Iran's top leader pledges to continue missile program

In this photo released by official website of the office of the Iranian supreme leader, Supreme leader Ayatollah Ali Khamenei, left, gives his official seal of approval to President Hassan Rouhani as deputy chief of supreme leader's office Vahid Haghanian looks on in an endorsement ceremony in Tehran, Iran, Thursday, Aug. 3, 2017. A portrait of the late revolutionary founder Ayatollah Khomeini hangs at left. (Office of the Iranian Supreme Leader via AP)

Iran's supreme leader slams new US sanctions on Tehran, pledges Iran will continue its missile program

TEHRAN, Iran — Iran's supreme leader on Thursday slammed the new U.S. sanctions on Tehran signed by President Donald Trump the previous day, and vowed his country would continue its missile program despite international pressure.

Washington will "use any excuse to make a fuss" against Iran, said Ayatollah Ali Khamenei, speaking at a ceremony marking the formal endorsement of President Hassan Rouhani for his second term in office.

"You launch a satellite-carrying missile, they make noise," he said, describing the Iranian launch as a "scientific and technical job that is routine and necessary."

"The response to the hostility is to become stronger," Khamenei added and described the U.S. government as "the top aggressor and the most shameless "enemy of Iran.

"Some have sharply applied hostility (against Iran), like those who today are in office in the U.S.," Khamenei said, without mentioning Trump or the U.S. president's signing of the legislation on Wednesday.

The law also imposed new sanctions on Russia and North Korea.

According to a letter sent to the U.N. Security Council and obtained Wednesday by The Associated Press, the United States and three Western allies called Iran's recent launch of a satellite-carrying rocket "a threatening and provocative step" that is "inconsistent" with a U.N. resolution endorsing the 2015 nuclear deal with world powers.

Iran last week launched the country's most advanced satellite-carrying rocket into space, marking the most significant step forward for the Islamic State's young space program.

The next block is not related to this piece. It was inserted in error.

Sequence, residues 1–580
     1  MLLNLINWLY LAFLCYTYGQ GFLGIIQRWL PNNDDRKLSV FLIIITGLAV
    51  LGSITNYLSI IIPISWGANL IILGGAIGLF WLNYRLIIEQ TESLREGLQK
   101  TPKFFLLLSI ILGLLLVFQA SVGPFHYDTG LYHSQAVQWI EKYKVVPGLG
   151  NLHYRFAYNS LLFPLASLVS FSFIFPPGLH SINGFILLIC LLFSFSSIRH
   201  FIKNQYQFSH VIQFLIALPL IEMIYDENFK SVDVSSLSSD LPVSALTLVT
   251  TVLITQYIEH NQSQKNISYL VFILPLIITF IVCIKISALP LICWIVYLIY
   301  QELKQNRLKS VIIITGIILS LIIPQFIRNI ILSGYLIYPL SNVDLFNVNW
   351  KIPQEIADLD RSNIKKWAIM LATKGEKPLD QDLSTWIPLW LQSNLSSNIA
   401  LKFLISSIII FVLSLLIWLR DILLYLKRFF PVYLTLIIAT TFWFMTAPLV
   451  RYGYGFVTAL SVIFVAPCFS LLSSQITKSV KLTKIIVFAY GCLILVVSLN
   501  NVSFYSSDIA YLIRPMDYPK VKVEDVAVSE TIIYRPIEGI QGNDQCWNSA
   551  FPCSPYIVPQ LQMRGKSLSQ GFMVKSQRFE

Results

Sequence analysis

In the letter to the Security Council, the U.S., France, Germany and the United Kingdom complained that the Simorgh space launch vehicle, if configured as a ballistic missile, would have the range and "payload capacity to carry a nuclear warhead."

Iran maintains the 2015 nuclear deal that put caps on its uranium enrichment program — a possible pathway to nuclear weapons — and the Security Council resolution endorsing that deal do not ban the country from ballistic missile activity. Russia, one of the five world powers that brokered the nuclear deal, has agreed with Tehran.

On Tuesday, Iran's Parliament Speaker Ali Larijani announced that Tehran has officially complained to the U.N. Security Council over the latest U.S. sanctions.

Khamenei, who has final say on all state matters, said Iran should continue to stand powerful in the face of its enemies.

"International engagement should not lead to ignoring hostility of the enemies," Khamenei said at the ceremony, broadcast live on state TV. He added that "despite all the sanctions and enmities, the Islamic Republic is stronger" than before.

Rouhani, who will be formally sworn into office on Saturday in parliament, said the nuclear deal has been a sign of "good faith" by Iran and that t brought the nation respite from most difficult U.N. sanctions.

"Transition from the most difficult sanctions was achieved through a combination of the power of diplomacy and deterrent defensive power," said Rouhani. He said that in his second term in office, Iran will "insist on constructive engagement with the world more than before."

Earlier Thursday, the state TV website quoted deputy foreign minister and senior nuclear negotiator Abbas Araghchi as saying that Iran will come up with a "smart" reaction to the last U.S. sanctions.

Araghchi reiterated Iran's stance that the U.S. legislation signed by Trump amounts to a "hostile" breach of the landmark 2015 nuclear deal. Tehran has prepared measures that Iran would take against the U.S. action, he added without elaborating, except to say some of the measures will "improve" Iran's armed forces.

The U.S. legislation imposes mandatory penalties on people involved in Iran's ballistic missile program and anyone who does business with them. It would also apply terrorism sanctions to Iran's prestigious Revolutionary Guard and enforce an arms embargo.

___

Associated Press Writer Edith M. Lederer at the United Nations contributed to this report.

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